Cities make plans for race equality week.
Efforts taking place in cities include forums and special gatherings, community engagement initiatives and the issuing of proclamations.
The National League of Cities-sponsored Race Equality Week grew out of an effort launched in 2000 by then-NLC President Bob Knight, former mayor of Wichita, Kan., who challenged city leaders to focus on improving race relations in their communities.
Each NLC President since that time has continued the agenda and continued to urge city leaders to do their part to improve race relations and achieve racial justice.
Race Equality Week Forum
The Sixth-Annual Race Equality Week will include a special Race Equality Forum in Washington, D.C., on Thursday, September 29, to explore ways to move the race relations and racial justice work forward.
An invited group of city leaders and national stakeholders will focus on engaging key groups in a shared agenda and identifying specific opportunities for collaboration to improve race relations.
The forum will be chaired by NLC First Vice President James Hunt, councilmember, Clarksburg, W.Va. NLC President and Anthony A. Williams, mayor of Washington, D.C., and Knight will also participate.
Efforts in Cities
During Race Equality Week, NLC encourages cities to take part in different activities throughout the week that promote diversity and raise the awareness of racial equality amongs residents in communities.
"The City of Avondale, Arizona prides itself as being a diverse community. However, promoting racial equality and ending racism require continued commitment, awareness, and action," said Avondale Mayor Ron Drake, who will sign a proclamation designating September 26-30 as Race Equality Week in Avondale.
Race Equality Week Events in Avondale include: "One World, One People," a cultural display at the Avondale Public Library; "Romantic Mexico--Image and Reality" an evening with author Boye Lafayette Demente; and A Discovery Channel Video Presentation--"Understanding Race."
Riverside's Human Relations Commission is presenting "Horizon Line," which is aimed at encouraging youth to talk about race and violence issues. The Riverside commission is also implementing a program called "Access Riverside" that will deal specifically with investigating and resolving discrimination complaints.
In Anchorage, Alaska, Race Equality Week is being held in conjunction with the Mayor's Diversity Week events. The events will run through the month of November.
Activities will include: a special joint work session of the Municipality of Anchorage Equal Rights Commission and the Standing Committee on the Promotion of Tolerance and Diversity; a youth summit facilitated by Judge Greg Mathis, a local TV personality; and a kick-off diversity barbeque and mural unveiling. This year's Diversity Appreciation and Awards Dinner will have Charles Moose, former Montgomery County, Md., police chief as the keynote speaker.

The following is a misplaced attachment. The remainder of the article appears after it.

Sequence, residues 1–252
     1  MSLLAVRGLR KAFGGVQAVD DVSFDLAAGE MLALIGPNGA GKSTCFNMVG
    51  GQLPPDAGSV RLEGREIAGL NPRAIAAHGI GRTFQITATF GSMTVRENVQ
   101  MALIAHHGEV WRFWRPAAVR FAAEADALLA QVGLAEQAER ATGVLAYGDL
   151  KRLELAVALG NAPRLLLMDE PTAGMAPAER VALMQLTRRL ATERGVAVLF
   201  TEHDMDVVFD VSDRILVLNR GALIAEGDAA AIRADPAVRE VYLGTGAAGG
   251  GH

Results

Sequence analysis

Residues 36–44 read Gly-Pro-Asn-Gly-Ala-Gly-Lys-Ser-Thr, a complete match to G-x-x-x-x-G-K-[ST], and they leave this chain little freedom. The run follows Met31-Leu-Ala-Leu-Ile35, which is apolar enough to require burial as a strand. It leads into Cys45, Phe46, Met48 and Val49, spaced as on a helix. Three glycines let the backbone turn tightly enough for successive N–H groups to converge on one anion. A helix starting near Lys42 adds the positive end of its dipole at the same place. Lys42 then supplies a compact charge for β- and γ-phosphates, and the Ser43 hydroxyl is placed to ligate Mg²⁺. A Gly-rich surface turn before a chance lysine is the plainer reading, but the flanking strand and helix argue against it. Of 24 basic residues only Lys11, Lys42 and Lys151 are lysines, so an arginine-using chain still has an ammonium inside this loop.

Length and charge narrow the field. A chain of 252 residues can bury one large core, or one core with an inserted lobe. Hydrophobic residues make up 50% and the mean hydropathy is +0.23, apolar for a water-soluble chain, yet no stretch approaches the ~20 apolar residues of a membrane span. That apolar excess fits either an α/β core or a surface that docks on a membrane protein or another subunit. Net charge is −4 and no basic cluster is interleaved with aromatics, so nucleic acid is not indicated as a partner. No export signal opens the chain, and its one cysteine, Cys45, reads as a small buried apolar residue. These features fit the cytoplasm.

Ottawa, Kan., will begin a new program focused on "Diversity Education" through a grant received from the American Eagle Foundation. The program will address diversity awareness, understanding the importance of diversity in a global economy, understanding the difference between diversity and affirmative action, and viewing diversity as an asset, not a weakness.
The Greensboro, N.C., Bicentennial Mosaic Partnership will celebrate its first year of success during Race Equality Week through a special event. The Mosaic Partnership is a project designed to increase communication and cooperation among the city's racial and ethnic groups. As the city prepares for its bicentennial in 2008, it is using this project to reflect on the past and strive toward a future of harmony and acceptance among all races and ethnicities.
In Scottsdale, Ariz., the Promoting Unity in the Community Partnership and the Cross Cultural Communication Series are two beginning initiatives that will continue throughout 2005 and into 2006. Both initiatives are being sponsored and coordinated by the Human Relations Commission to promote racial equality and unity.
The City of Winston-Salem, N.C., Race Equality Week agenda will consist of a Fiesta Hispanic Festival, an Inter-Faith Senegalese Program, a Student Race Relations Forum, the Second African-American and Hispanic Relations Forum and the Human Relations Awards Banquet.
Details: For more information about Race Equality Week, the Forum, ways to participate in your city, or to share with us how your city is participating, please contact Gwen Wright, project coordinator, at 202-626-3037 or e-mail firstname.lastname@example.org.
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|Title Annotation:||National League of Cities|
|Publication:||Nation's Cities Weekly|
|Date:||Sep 26, 2005|
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